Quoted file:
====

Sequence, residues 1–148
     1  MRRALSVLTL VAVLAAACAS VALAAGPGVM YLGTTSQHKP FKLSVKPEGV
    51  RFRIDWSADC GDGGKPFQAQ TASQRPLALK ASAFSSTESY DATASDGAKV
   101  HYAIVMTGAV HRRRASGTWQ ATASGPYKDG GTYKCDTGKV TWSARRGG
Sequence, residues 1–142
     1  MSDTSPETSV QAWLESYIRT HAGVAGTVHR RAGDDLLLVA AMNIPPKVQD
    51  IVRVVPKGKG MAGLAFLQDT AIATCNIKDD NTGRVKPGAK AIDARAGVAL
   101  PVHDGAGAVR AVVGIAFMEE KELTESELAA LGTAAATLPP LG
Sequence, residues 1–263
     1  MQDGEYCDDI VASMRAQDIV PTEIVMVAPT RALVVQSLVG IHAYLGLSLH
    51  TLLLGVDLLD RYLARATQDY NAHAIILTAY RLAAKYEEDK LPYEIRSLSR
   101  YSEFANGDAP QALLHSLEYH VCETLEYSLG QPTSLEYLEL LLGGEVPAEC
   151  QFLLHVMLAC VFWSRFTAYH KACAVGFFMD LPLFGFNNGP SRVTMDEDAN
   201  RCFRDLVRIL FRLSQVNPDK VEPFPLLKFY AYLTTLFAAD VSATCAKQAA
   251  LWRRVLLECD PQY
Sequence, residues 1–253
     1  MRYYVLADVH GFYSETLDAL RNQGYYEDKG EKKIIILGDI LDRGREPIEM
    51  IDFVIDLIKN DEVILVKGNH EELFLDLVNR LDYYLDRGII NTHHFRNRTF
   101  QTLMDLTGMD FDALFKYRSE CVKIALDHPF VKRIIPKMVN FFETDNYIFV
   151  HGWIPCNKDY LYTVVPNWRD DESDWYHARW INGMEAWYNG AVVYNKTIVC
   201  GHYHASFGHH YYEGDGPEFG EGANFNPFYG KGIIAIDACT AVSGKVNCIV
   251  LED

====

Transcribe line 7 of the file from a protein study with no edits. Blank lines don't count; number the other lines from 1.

    51  IVRVVPKGKG MAGLAFLQDT AIATCNIKDD NTGRVKPGAK AIDARAGVAL